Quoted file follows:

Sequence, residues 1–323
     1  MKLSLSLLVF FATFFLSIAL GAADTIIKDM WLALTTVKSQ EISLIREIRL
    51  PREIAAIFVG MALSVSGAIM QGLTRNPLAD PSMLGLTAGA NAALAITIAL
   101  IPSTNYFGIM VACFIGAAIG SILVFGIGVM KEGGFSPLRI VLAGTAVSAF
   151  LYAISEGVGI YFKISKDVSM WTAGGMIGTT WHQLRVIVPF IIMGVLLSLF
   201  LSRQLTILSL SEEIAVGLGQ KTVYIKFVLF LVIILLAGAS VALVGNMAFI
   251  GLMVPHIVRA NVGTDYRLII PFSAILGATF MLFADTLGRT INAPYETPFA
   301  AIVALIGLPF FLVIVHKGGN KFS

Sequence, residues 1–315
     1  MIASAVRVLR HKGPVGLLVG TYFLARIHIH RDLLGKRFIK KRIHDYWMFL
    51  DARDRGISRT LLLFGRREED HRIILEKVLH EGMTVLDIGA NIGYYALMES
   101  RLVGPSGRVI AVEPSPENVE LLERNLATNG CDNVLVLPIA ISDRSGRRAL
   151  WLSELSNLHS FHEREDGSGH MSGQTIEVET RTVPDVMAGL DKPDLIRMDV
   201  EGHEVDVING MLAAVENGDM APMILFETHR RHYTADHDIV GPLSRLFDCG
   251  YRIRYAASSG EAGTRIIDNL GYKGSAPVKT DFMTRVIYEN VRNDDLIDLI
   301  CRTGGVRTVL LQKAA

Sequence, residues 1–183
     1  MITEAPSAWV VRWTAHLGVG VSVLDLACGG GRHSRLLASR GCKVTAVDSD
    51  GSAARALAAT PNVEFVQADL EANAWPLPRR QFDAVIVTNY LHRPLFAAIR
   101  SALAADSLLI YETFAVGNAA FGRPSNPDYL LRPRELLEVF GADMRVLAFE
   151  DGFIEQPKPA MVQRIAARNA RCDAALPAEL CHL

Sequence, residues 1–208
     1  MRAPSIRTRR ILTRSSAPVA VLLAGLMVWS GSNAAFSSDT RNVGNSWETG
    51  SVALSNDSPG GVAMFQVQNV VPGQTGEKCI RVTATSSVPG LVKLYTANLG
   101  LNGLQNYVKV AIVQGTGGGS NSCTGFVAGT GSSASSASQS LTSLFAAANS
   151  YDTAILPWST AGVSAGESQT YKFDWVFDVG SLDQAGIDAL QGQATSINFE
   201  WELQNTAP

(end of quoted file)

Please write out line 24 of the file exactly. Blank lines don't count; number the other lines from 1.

    51  SVALSNDSPG GVAMFQVQNV VPGQTGEKCI RVTATSSVPG LVKLYTANLG